11 November 2014

Obama's domestic legacy

Joe Biden called it straight. When Obama signed the Affordable Care Act into law in March 2010, the vice-president was heard to whisper by his side, "This is a big f...... deal!" It really is, too.  This is as good as it gets for Democrats of every vintage [...]

This is a political legacy all on its own and Obama has his name on it. Ten million Americans who had no insurance before 2010 do so now. Premiums are lower than feared and the rate of the uninsured has fallen from 20 percent to 15 percent. Into the bargain, Obamacare has also created 9 million jobs.

Which is the second part of the case for Obama. The inheritance from George W Bush was awful but, where Reagan inflated the deficit, Obama has reduced it. The unemployment rate, which almost doubled under Bush, has fallen from 10 percent to less than 6 per cent under Obama. The US$800 billion pump-priming plan attracted criticism but it helped to stimulate a recovery that has been quicker than in any European nation [...]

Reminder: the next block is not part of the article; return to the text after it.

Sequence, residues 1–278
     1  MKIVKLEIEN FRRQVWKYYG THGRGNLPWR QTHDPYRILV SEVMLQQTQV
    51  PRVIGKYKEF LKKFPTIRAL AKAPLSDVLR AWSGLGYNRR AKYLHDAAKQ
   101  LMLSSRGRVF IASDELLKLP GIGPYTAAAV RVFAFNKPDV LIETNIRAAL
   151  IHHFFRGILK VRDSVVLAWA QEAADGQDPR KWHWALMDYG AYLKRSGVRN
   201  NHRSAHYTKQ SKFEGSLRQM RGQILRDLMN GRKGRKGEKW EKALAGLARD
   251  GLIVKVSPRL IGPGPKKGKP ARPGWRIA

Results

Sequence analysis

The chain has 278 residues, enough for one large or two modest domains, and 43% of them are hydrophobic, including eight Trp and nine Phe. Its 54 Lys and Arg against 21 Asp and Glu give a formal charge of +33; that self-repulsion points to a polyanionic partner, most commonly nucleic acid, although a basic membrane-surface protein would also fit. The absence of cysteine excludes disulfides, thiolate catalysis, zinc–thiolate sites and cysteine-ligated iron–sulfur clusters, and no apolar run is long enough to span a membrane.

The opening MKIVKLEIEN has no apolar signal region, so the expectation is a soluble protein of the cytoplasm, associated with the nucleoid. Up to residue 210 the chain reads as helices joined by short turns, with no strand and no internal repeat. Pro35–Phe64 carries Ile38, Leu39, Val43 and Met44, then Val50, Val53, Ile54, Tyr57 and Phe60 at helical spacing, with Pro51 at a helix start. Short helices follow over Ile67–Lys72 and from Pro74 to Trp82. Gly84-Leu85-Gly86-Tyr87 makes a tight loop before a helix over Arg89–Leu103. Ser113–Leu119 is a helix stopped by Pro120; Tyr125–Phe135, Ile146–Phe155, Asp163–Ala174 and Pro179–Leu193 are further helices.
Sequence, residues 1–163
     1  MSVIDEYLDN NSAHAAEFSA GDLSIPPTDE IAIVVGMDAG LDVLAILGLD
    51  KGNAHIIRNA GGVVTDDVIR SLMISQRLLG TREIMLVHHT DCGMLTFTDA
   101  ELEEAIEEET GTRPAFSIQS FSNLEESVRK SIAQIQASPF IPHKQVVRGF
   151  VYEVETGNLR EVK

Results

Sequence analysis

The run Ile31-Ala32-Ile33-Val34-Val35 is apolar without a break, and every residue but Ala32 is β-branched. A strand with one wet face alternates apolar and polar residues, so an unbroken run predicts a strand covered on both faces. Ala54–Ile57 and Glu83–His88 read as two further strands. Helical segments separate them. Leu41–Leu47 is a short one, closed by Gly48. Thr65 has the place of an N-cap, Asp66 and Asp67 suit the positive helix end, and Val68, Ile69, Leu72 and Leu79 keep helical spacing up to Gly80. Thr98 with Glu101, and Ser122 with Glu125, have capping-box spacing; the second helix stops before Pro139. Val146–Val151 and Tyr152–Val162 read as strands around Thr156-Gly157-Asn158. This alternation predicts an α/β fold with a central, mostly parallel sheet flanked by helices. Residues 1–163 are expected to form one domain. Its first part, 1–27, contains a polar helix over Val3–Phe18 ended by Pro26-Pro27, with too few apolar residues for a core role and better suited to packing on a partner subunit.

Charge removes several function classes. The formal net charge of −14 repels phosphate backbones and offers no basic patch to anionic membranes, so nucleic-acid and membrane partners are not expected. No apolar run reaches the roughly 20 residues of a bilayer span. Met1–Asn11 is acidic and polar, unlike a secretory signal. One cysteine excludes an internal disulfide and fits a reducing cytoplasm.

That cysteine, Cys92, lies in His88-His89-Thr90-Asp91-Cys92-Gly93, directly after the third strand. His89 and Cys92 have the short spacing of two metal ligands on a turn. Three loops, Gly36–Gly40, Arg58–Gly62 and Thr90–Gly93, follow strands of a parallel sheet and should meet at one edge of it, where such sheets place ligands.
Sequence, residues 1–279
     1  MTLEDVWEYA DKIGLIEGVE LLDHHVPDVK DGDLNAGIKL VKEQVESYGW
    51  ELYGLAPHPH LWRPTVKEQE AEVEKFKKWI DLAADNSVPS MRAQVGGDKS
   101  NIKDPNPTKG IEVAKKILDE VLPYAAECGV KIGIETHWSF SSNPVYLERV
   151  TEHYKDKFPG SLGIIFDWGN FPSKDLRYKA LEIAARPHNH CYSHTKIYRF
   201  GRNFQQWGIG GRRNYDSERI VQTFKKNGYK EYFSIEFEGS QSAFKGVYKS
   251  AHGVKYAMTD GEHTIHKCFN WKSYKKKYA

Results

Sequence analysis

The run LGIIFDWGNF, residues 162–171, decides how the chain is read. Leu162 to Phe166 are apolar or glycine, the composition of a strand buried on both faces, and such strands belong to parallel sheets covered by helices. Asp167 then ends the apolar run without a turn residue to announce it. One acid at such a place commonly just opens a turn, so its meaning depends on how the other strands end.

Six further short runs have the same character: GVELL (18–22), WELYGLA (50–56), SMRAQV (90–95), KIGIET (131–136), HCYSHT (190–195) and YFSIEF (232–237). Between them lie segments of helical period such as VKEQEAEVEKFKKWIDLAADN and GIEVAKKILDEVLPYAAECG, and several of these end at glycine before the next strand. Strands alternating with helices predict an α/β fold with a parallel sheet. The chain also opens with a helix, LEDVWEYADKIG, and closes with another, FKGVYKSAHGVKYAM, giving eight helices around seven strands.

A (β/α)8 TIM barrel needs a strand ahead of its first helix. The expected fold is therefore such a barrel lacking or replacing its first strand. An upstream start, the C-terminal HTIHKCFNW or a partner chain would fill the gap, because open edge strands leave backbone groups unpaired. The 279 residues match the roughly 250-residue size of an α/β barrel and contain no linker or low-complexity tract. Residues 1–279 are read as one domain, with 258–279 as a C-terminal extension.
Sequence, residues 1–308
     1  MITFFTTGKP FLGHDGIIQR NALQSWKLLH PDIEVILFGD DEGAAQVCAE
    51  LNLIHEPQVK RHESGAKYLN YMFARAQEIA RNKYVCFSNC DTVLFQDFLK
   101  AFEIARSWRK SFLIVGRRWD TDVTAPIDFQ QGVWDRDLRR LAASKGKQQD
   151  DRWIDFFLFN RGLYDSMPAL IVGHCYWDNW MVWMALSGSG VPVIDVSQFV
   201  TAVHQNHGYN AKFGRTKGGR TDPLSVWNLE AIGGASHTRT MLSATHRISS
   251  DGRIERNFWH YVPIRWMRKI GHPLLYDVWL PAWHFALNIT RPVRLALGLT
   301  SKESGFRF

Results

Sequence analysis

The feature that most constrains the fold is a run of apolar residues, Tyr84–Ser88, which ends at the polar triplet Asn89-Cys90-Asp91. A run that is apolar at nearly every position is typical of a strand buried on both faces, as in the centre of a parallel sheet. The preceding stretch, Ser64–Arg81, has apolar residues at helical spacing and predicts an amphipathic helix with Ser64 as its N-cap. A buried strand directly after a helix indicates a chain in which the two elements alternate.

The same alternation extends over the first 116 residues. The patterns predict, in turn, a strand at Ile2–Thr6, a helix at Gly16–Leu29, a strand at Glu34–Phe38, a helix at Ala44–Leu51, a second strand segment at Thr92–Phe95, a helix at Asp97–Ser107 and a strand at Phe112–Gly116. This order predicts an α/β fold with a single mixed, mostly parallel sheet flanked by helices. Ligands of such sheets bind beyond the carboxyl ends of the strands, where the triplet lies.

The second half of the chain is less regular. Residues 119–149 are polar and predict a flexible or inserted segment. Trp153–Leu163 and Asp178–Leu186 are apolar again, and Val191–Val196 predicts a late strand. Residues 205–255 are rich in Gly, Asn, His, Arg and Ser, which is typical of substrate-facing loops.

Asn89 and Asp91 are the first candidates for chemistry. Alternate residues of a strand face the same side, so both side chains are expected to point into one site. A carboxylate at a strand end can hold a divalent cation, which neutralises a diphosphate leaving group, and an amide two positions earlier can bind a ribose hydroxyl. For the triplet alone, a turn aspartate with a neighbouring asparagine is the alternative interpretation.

Obama has also won victories in the chronic culture war. His first executive act was to sign the Fair Pay Act into legislation. Two women have been appointed to the Supreme Court and Obama lifted the ban on gays in the military, another cause that eluded Clinton.

Obama has actually done, in other words, what Democrats have before only talked of doing. The gap between the appearance and the reality is precisely because Obama was such a good talker. Ascending to the White House on a wave of gorgeous sound, Obama excited hopes that could never be satisfied but that should not obscure the fact that he has achieved more than the Kennedys or Clintons that British politicians so oddly revere.

- Philip Collins, The Times, 7 November 2014 (reprinted in Dominion Post, 8 November 2014)

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